Just last month, Google introduced users in 7 more countries to their Android Earthquake Alerts System. This again comes ahead of the system’s global launch. Amongst the countries with the warning enabled, the Philippines benefited from it recently.
A 6.7 magnitude earthquake hit Tingloy, Philippines yesterday. Reports by the US Geological Survey state that the earthquake struck in the early morning hours. According to Reuters, the shaking “lasted nearly a minute” and even awoke some.
Android users were notified about the approaching earthquake seconds before shaking started. The blaring of their Android phones is a proof of the system’s need and importance. Reddit and Twitter threads showered with praises for the success of the system.
How does it work?
Google used already present technology and sensors to build the “world’s largest earthquake detection network”. The traditional network of ground seismometers like the ones in California and the US West Coast wasn’t always feasible. Android also shows government-provided warnings if systems are in place.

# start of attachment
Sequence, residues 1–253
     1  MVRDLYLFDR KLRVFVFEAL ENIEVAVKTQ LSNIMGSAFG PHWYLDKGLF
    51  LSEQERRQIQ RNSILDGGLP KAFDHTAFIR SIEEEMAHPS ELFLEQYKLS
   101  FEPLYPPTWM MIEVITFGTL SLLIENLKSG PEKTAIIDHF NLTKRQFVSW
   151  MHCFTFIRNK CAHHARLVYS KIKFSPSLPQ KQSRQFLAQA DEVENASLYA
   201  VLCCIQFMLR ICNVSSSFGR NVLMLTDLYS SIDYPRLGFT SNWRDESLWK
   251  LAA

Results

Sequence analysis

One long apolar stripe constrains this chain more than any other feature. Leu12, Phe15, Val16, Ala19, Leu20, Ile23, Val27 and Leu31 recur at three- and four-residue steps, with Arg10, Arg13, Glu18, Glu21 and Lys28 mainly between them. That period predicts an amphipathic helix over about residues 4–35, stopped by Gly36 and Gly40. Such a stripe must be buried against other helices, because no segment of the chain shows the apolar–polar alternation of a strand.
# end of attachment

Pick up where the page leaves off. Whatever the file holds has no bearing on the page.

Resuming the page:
The initial, nondestructive P-wave is detected by using your Android device’s accelerometer. This helps the alert system work. Then the device will send a city-level location to Google’s earthquake detection server. Your privacy is maintained as this data doesn’t include your zip code or street address.
Google sends a loud notification after processing and verifying the reports. The notification (as shown in the title image) will include a map, magnitude, and basic drop, cover, and hold reminders. Android tries to send this notification at least a few seconds before the arrival of the destructive S-wave.
The system is automatically enabled on Android devices. To opt-out you could go to Android Settings app > Location > Advanced > Earthquake Alerts.
Google announced the Android Earthquake Alerts System in August of 2020. There was an initial testing period after which it went live in 2 countries in April of 2021. Google plans to make the system available globally by next year. Google has already started sending updates to countries with high earthquake risks.